Nothing smells better than freshly baked bread hot from the oven. It gives us the feeling of comfort and love. Making bread is a fun and educational activity to do as a family. Here are a few quick tips to help you be successful baking bread at elevation.
Adjusting for Elevation
- Decrease the amount of flour in the recipe. You may need to use up to ¼ less flour than the recipe says. There is enough flour when the dough pulls away from the sides of the bowl. After kneading it should be soft but, not sticky.
- Increase the amount of liquid in the recipe. This is important if you are substituting part of the flour with whole wheat, rye, or other flours. Add 1 tablespoon or more liquid (water or milk) than in the recipe. Coarse flours need more moisture than basic flour.
- Reduce the yeast by 1/8 teaspoon. Reducing the yeast helps with providing a firmer bread dough that does not collapse after rising and baking.
- Control the rising time. Good tasting bread depends on a long, slow rising process. Bread rises quickly at high elevations. There are two ways to slow the rising time for better flavor. First, make your bread dough the day before and allow to rise slowly in the refrigerator overnight. Second, punch the dough down and allow it to rise a second time before shaping.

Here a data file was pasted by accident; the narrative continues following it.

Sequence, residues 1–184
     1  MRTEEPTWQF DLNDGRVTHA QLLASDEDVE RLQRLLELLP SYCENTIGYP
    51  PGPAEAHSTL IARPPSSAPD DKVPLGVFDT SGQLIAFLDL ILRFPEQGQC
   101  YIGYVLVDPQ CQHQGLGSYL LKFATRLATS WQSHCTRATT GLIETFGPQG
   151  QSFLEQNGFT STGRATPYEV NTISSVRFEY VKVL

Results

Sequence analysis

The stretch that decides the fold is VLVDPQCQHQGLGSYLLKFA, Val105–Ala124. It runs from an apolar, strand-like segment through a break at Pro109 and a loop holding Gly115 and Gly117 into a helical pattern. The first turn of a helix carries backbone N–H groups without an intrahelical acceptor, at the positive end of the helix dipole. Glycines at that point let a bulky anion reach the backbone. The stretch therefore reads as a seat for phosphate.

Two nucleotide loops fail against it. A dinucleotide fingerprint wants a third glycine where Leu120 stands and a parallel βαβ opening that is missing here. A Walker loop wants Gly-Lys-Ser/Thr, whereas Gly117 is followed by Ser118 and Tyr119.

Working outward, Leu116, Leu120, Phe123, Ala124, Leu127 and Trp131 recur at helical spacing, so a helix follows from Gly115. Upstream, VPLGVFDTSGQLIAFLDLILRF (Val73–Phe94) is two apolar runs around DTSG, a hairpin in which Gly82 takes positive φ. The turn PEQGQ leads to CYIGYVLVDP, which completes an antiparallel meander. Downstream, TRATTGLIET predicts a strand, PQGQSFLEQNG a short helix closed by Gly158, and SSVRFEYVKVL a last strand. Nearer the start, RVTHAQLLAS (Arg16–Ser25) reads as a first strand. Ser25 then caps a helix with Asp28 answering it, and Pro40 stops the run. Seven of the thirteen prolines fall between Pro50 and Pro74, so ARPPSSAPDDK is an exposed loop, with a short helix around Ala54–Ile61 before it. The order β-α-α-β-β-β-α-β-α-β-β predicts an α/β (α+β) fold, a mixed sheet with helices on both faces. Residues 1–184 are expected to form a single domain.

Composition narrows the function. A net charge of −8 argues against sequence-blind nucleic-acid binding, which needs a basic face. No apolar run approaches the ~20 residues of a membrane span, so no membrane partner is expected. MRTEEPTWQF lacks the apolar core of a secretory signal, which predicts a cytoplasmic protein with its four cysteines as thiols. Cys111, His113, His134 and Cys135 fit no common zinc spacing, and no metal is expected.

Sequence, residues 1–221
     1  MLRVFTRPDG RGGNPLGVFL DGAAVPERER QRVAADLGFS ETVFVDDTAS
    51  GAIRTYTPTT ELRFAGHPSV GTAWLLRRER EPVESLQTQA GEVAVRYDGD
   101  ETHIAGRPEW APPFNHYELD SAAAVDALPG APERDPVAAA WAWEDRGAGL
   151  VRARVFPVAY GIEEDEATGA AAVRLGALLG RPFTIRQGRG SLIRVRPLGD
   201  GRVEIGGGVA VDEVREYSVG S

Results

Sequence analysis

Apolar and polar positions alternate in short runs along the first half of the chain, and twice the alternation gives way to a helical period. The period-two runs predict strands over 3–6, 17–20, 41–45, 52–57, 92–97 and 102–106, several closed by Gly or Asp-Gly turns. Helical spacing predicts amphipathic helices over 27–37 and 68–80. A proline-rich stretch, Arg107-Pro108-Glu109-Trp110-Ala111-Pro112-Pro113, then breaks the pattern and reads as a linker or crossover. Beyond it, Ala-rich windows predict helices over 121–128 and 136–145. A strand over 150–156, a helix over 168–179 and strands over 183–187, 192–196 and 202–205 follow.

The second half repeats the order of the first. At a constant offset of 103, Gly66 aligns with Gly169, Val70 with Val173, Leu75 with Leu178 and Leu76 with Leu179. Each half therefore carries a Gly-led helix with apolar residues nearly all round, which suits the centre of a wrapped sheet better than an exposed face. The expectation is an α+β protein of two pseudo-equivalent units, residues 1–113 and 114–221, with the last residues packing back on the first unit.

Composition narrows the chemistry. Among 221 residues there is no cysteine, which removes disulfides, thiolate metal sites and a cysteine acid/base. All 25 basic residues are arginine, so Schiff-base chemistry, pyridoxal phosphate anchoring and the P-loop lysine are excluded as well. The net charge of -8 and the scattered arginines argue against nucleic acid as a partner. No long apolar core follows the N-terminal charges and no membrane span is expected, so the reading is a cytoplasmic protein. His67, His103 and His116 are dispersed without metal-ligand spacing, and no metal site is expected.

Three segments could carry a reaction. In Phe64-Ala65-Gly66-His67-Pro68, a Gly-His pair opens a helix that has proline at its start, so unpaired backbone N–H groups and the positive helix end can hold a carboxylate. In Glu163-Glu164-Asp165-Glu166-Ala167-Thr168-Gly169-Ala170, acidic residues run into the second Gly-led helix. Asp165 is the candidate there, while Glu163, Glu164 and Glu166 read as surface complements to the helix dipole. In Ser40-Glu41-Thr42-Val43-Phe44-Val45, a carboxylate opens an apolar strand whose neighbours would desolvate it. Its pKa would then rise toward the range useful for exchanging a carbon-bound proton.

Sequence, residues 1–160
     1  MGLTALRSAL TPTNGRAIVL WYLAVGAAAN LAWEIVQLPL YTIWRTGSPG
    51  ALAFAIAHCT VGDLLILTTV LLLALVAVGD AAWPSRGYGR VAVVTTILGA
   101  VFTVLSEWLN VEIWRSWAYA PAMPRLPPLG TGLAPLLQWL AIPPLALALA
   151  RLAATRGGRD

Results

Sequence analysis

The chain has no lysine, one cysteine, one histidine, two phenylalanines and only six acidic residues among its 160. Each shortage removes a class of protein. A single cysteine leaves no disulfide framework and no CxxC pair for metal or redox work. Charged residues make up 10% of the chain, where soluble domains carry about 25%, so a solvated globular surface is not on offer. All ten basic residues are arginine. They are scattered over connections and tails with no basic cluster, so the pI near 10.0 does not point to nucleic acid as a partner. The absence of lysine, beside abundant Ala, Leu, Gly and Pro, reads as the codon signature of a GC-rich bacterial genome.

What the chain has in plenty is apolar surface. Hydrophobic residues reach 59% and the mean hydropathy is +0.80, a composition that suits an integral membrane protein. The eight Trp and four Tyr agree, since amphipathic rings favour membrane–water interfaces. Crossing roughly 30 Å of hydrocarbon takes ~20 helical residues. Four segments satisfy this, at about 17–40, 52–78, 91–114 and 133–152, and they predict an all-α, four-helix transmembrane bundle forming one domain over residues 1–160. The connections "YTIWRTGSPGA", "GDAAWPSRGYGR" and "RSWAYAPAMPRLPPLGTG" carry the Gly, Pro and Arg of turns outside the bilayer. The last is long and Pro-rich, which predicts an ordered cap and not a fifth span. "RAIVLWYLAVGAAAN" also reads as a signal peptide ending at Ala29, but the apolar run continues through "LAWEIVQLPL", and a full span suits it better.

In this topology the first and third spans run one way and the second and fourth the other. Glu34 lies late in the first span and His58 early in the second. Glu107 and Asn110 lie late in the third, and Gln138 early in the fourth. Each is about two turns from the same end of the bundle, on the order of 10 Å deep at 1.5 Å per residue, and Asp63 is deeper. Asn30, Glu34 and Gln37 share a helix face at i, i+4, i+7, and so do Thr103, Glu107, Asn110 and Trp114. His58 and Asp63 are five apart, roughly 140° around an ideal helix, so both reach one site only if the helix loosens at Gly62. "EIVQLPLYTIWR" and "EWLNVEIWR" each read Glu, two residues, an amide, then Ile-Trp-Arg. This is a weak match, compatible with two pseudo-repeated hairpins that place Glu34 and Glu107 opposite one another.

- Adjust the oven temperature for baking. Decrease the oven temperature by 1° degree for every 500 feet above sea level. Baking at a higher temperature will set the crust too quickly and will not allow the dough to continue rising as it cooks. Bread is done when internal temperature reaches at least 190oF. Crust should be golden-brown.
Baking bread is a great family activity. Children enjoy the process of measuring, kneading and tasting. Explore the process of making bread from farm to table through this great book that was my favorite as a child called “The Little Red Hen”.